(Reuters) - Friendly fire probably killed a U.S. Border Patrol agent in Arizona near the Mexican border this week, the FBI said on Friday, citing "strong preliminary indications."
Nicholas Ivie was one of three agents patrolling on foot about four miles (eight km) north of the border before daybreak on Tuesday when gunfire erupted as the agents responded to a tripped ground sensor, authorities have said.
A second agent was wounded in the incident near the town of Naco, an area known as a smuggling corridor. The third agent was unharmed.
"While it is important to emphasize that the FBI's investigation is actively continuing, there are strong preliminary indications that the death of United States Border Patrol Agent Nicholas J. Ivie and the injury to a second agent was the result of an accidental shooting incident involving only the agents," the FBI said in a statement.
Ivie was the fourth Border Patrol agent to die in violent circumstances in less than two years in Arizona. His death heightened concern about border security in a state at the forefront of the national immigration debate.
Commander Jeffrey Self of the Customs and Border Protection's joint field command in Arizona told reporters he met with the Ivie family on Friday about the possibility the shooting was a "tragic accident, the result of friendly fire."
U.S. authorities had previously released scant details about the circumstances of the shootings.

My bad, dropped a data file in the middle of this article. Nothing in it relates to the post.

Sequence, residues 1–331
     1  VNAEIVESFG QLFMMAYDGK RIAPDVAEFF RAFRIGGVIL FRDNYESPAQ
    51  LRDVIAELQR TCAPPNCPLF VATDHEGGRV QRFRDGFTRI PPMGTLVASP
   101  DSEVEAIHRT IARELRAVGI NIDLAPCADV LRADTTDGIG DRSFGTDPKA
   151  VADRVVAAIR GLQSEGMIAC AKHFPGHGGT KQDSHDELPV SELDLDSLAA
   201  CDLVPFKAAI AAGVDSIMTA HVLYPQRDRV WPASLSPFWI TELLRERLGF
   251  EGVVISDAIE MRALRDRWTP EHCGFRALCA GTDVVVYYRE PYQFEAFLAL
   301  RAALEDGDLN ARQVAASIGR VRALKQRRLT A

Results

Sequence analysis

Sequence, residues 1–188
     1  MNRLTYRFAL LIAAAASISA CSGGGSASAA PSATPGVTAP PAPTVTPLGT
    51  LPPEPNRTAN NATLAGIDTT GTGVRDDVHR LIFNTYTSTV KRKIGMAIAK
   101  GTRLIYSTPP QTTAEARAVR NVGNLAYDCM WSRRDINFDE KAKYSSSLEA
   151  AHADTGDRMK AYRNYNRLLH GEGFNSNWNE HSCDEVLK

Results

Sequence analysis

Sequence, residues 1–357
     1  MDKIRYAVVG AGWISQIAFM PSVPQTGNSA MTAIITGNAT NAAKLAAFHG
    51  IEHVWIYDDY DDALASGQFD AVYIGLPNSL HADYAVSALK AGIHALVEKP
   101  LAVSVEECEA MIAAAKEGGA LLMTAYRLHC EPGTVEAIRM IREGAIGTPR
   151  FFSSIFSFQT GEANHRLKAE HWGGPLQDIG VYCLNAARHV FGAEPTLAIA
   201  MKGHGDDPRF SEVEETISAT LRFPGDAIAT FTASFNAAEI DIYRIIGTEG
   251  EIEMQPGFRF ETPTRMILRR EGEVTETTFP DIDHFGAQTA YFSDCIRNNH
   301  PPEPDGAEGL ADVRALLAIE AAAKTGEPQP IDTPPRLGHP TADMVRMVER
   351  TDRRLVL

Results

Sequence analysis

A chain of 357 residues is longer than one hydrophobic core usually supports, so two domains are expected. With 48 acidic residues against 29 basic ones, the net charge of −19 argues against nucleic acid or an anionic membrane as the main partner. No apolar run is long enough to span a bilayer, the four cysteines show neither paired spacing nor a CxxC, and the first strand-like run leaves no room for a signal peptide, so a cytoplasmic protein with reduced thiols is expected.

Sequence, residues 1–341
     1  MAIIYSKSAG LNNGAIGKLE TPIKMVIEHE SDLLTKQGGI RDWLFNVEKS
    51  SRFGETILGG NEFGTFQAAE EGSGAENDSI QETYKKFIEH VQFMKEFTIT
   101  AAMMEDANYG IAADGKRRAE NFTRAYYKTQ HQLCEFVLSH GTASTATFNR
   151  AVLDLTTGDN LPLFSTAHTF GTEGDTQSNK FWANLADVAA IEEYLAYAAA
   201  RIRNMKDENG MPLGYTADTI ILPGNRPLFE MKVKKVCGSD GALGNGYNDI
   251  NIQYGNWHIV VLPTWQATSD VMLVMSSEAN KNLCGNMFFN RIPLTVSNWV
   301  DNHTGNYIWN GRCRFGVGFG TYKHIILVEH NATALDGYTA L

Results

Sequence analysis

The agents were tracking footprints before the incident, said Carol Capas, spokeswoman for the Cochise County Sheriff's Office, which has jurisdiction over the area and is investigating the shootings along with the FBI.
Mexican officials said two men were arrested this week in a military operation near the city of Agua Prieta, a few miles across the border from the shooting scene.
U.S. authorities have declined to comment on those arrests. Capas said her office had not been officially notified of any arrests.
U.S. Homeland Security Secretary Janet Napolitano, a former Arizona governor, held talks with law enforcement officials on Friday at the Border Patrol station where Ivie worked.
Kevin Goates, an Ivie family spokesman, declined to comment on the FBI announcement of the preliminary findings in the case.
He said Napolitano had met with Ivie's widow, Christy, and other family members for about 40 minutes at her home in southern Arizona.
Self delivered a message to Christy Ivie when he spoke to reporters.
"Christy, today we know that in the uncertainty of darkness the conditions were set and the hand of God brought Nick home," he said. "Know we will always honor his memory."